I was na├»ve to religious terrorism beyond pre-revolutionary events such as the Salem “witch” executions (twenty) of 1692 and murders during recent decades over abortion services. Noah Feldman, in his book, Divided by God, 2005, cites religious terrorism, such as the Philadelphia “nativist” riots of 1844. Here’s information from other sources:
May 12  . . . Kensington riots . . . : seven dead on site with two more to die later, and at least 20 wounded. [S]outh Philadelphia in early July . . . rioters clashed with the militia. During three days of disturbances 10 were killed and at least 20 wounded.[6]
Feldman, intentionally or not, makes a good case that America is and always was a Protestant country; we are merely subjects in the battle for civic power that continually favors Protestantism. As always, the 1844 Protestant strategy was to appropriate a word on which to pretend the more noble argument, despite the US Constitution. In this case, “nativist,” would correctly refer to Native Americans, but nativist was used to define “Americanism,” the practice of inculcating Bible in public schools, as a substitute for morality. Feldman did not promote the preamble, which is what citizens should hold in common. Here’s Feldman’s recommendation:
All this brings us to our present predicament, and the failings of both values evangelicalism and legal secularism. In short, both are self-contradictory: they fail precisely where they want to succeed, because neither successfully reconciles religious diversity with national unity. Values evangelicals may not like it, but they must recognize that government funding of religion will, in the long run, generate disunity, not unity. The answer is to allow public religion where it is inclusive, not exclusive, and to allow religious displays and prayers so long as they accommodate and honor religious diversity.[7]
About 23% of the population or 74 million Americans are excluded by civic religion, display, or prayer: they have no representative in the civic god competition. Sometimes, recognition of meaning requires thought beyond tradition, which Feldman fails, in his neglect of the preamble. He carefully points out that the constitution for the USA breaks the mold when it does not reference a god, then tries to justify unconstitutional national conduct on the false assumption that religion is required for morality:
If the state was to be a moral agent, its morality must be grounded in religion, and that grounding must be acknowledged in the constitutional text. Otherwise a man like Ingersoll, “the most notorious scoffer and atheist in America,” would be right when he insisted that “the government of the United States is secular. It derives its power from the consent of man.”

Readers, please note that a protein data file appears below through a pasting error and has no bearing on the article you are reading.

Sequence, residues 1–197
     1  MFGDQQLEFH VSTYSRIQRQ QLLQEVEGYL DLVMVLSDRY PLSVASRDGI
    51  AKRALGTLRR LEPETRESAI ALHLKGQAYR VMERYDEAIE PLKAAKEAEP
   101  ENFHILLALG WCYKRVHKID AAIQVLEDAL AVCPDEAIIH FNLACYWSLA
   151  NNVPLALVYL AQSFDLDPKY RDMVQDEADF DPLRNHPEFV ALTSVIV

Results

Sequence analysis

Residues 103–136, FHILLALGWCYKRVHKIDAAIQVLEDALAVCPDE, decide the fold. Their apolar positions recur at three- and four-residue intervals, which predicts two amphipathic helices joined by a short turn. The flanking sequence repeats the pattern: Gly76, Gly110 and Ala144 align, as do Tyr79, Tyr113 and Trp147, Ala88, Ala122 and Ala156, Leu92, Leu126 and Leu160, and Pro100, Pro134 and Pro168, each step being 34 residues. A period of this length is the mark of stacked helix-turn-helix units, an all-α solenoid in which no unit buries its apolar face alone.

Felder could have noted that the constitution for the USA is neutral to religion and thus not secular (secular means “non-religious, and therefore is defined by religion). He could have corrected Ingersoll’s poor word choice, suggesting that “the consent of man” comes with compromise on civic government, leaving no-harm religion a responsibility in each person's privacy, separate from both state and federal governance.
            Semantic failure begets unintended consequences, usually bad. If, in his Second Inaugural Address, 1865, Abraham Lincoln had said, “Both [sides] read the same Bible and pray to the same god, it would have been clear that he was blaming the warring parties, not higher power (whatever that is, I think physics). Following Lincoln's iconoclastic example, Feldman might have chosen a title like, Divided by personal gods, to place the blame where it belongs: This country’s failure to accept that no-harm religion as a private affair for each individual in the world. Similarly, with Lincoln's iconoclastic example, the United States Supreme Court might recognize the dire need to end the tradition of protecting the civic Christianity that bemuses citizens and dilutes Christianity’s stated purpose: the salvation of souls.[8] Thereby, the Supreme Court would stop collaborating on Congress’s tradition of dismissing responsibility for their performance, for example, with an unconstitutional, religious oath ending, “ . . . so help me [my] god.” Also, they might stop supporting despots like Tony Perkins, who together with 20 US Representatives is pestering the US Air Force with the contention that officers have the right to proselytize subordinates.[9] Machiavelli disclosed Congress’s evils in 1513,[10] and the people play their role: not caring. It is not too late to reform.
            The solution to our dysfunction has been before us since Ratification Day, June 21, 1788. Whether the signers were aware of it or not, the semantics they provided positioned every generation to recognize that our disunity can be solved if most citizens commit to and trust in the nine, civic goals in the preamble to the constitution for the USA. On each Memorial Day, I cannot imagine a better remembrance of the soldiers lost to defend the United States of America from foreign attack, civil war, and domestic strife than for aware citizens to volunteer to be of “We the People of the United States” as defined by the preamble. Citizens for promoting that entity, each Ratification Day meet at an EBRP Library, under the title A Civic People of the United States. Please mark you calendar for Tuesday, June 21, 2016, 7:30 PM, place to be announced.

Copyright©2014 by Phillip R. Beaver. All rights reserved. Permission is hereby granted for the publication of all or portions of this paper as long as this complete copyright notice is included. Revised December 2, 2015


[3] Online at: en.wikipedia.org/wiki/United_States_military_casualties_of_war and http://www.militaryfactory.com/american_war_deaths.asp ,
[5] Online at: www.google.com/fusiontables/DataSource?dsrcid=225439#rows:id=1
[7] Noah Feldman. Divided by God. 2005. Pages 14-15.
[8] Online at: www.law.cornell.edu/supremecourt/text/12-696
[10] Machiavelli. The Prince. 1513, Chapter XI.